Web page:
USA – Why Smashing the Administrative State Is a Disaster for Reproductive Rights

The latest Supreme Court rulings are already being weaponized against gender identity. Abortion and birth control are next.

NINA MARTIN, Mother Jones
July 10, 2024

It turns out the most consequential reproductive rights case before the Supreme Court this past term—arguably, the most significant since the overturn of Roe v. Wade—wasn’t the religious right’s attack on the abortion drug mifepristone, or the battle over whether the federal Emergency Medical Treatment and Labor Act requires hospitals to provide emergency abortions in states with strict bans. It was a fight over who should pay to monitor commercial fishing boats so they don’t deplete the herring population off the Atlantic coast.

Reproductive health and gender equality advocates are just beginning to digest the sweeping implications of the ruling in Loper Bright Enterprises v. Raimondo and Relentless, Inc. v. Department of Commerce, in which the court’s conservative supermajority overturned a 40-year-old cornerstone of US administrative law known as “Chevron deference.” In doing so, the justices vastly limited the power of federal agencies to issue regulations on everything from financial markets to industrial pollution to drug pricing to workplace safety.

And abortion. And birth control. And trans equality. And pregnant workers’ rights. 


USA – Abortion is becoming more common in primary care clinics as doctors challenge stigma

NPR, By Selena Simmons-Duffin, Elissa Nadworny
June 21, 2024

It’s a typical Tuesday at Seven Hills Family Medicine in Richmond, Va. The team — which consists of Dr. Stephanie Arnold, registered nurse Caci Young and several medical assistants — huddles to prepare for the day.

Arnold, a primary care physician, runs through the schedule. The 9 a.m. telemed appointment is for chronic condition management. At 10 a.m. there’s a diabetes follow-up. The 11 a.m. appointment is to go over lab results for potential sleep apnea, then there are appointments for knee pain and one for ADHD results review. The schedulers fit in a walk-in patient who has a suspected yeast infection.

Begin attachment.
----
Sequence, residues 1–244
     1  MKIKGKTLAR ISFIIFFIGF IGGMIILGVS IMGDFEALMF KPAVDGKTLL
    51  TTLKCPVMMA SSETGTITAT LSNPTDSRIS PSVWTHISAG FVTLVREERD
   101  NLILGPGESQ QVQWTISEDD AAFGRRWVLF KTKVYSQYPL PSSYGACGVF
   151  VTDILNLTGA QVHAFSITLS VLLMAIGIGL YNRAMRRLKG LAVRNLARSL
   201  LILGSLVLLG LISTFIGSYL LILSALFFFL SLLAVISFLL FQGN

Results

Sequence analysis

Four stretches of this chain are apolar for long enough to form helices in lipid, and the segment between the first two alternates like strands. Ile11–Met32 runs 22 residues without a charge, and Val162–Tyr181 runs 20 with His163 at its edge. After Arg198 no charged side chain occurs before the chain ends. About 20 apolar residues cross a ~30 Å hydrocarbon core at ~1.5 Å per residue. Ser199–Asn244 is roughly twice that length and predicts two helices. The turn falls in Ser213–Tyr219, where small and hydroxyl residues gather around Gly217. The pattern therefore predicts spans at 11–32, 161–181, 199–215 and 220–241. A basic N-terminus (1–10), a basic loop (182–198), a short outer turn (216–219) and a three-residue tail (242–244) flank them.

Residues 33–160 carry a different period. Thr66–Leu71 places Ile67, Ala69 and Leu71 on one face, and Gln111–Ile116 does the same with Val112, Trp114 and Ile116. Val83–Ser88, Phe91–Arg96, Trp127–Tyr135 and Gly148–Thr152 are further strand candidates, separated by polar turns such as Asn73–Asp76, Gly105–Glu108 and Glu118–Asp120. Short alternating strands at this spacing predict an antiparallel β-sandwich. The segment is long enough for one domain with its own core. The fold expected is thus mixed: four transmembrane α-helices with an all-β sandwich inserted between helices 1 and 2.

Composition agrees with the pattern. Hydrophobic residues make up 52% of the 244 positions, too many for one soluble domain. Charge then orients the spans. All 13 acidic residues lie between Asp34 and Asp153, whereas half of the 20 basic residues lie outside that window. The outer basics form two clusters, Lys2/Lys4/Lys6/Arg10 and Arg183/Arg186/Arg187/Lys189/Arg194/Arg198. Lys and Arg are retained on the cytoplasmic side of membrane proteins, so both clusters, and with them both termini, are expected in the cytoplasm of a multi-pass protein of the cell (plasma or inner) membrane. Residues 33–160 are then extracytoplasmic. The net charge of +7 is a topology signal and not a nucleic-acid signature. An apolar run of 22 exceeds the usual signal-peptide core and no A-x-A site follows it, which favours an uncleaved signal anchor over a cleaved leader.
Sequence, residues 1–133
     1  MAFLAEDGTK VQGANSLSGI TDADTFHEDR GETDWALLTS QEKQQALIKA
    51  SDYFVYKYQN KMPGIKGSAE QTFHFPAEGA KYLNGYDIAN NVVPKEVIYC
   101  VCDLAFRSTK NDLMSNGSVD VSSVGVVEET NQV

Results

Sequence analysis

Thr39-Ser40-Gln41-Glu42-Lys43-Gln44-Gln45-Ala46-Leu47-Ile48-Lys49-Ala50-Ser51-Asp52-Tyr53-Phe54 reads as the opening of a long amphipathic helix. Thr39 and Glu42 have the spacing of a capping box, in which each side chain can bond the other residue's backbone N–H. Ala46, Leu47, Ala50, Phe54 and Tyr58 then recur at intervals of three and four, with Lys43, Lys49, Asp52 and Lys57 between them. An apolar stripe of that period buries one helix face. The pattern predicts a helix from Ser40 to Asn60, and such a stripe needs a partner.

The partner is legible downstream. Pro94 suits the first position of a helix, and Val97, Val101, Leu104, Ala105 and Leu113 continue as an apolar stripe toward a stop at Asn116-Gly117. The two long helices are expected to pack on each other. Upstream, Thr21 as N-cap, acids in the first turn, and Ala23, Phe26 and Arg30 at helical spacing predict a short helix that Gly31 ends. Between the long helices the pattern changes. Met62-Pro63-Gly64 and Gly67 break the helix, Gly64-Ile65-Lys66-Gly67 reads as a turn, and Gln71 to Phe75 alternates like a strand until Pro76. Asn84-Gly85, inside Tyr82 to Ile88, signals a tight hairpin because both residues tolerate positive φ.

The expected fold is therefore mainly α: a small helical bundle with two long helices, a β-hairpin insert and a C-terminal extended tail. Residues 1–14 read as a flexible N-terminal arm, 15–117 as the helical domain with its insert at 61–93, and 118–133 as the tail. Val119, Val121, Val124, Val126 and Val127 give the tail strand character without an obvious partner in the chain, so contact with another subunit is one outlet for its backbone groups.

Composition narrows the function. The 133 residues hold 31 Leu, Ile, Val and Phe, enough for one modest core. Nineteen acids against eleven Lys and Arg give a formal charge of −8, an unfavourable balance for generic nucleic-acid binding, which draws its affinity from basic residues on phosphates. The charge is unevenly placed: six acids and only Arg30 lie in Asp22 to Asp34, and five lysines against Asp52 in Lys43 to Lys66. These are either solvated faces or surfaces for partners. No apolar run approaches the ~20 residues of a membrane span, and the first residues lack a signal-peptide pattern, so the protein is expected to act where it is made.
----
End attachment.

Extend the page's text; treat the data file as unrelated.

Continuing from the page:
How American Women Could Lose the Right to Birth Control

MAY 20, 2024

When the U.S. Supreme Court issued its 1965 ruling in Griswold v. Connecticut and legalized the use of contraception by married women, the public response was muted. There is little evidence of an uproar on the pages of major newspapers or magazines. Even bringing the case was a challenge for reproductive-rights activists, who had tried and failed twice before to challenge Connecticut’s anti-obscenity law, which (fun fact) was introduced by P. T. Barnum in 1879 and (less fun) banned “any drug, medicinal article or instrument for the purpose of preventing conception.” By the 1960s, laws criminalizing contraception often went unenforced, which posed a problem for activists looking to challenge them. Without contraception-seeking patients who had actually been arrested, the Supreme Court said, there was no one with the standing to sue.


Why abortion is on the ballot everywhere

Opinion by Mary Ziegler
Sun May 12, 2024

The 2024 election has prompted an avalanche of stories about the places where abortion is on the ballot. Usually, these stories zero in on the states that are likely to have reproductive rights propositions on the ballot in November (such a ballot initiative is already going forward in two states, Florida and Maryland, and additional measures could be on the ballot in ten other states by the fall).

Ballot initiatives are certainly important. In states with gerrymandered legislatures and limited partisan competition, such measures allow voters to set abortion policy directly.


The Abortion Pill Underground

Since Roe was overturned, thousands of people in red states have found a way to get an abortion—often thanks to providers operating at the edge of the law.

May 7, 2024

When Kay found out she was pregnant at the end of last year, she knew three things clearly. “I was poor and I had an unwanted pregnancy and knew I couldn’t afford a standard abortion for hundreds of dollars,” she told me. A 29-year-old student already raising one child, Kay lives in Texas, where abortion is banned. The nearest clinic she could find was at least a 12-hour drive away. But Kay thought there might be another option. “I went to Google and started searching if it was possible somehow to receive abortion pills through the Internet.”

It was not only possible; it was much easier and more affordable than Kay had expected. She found online services that offered to ship the same medications that were available in clinics right to her doorstep in Texas for $150 or, if she couldn’t afford that, for free. It seemed so simple that Kay thought it might be a scam. “I was scared I would wait for the pills and they wouldn’t work when I got them,” she said.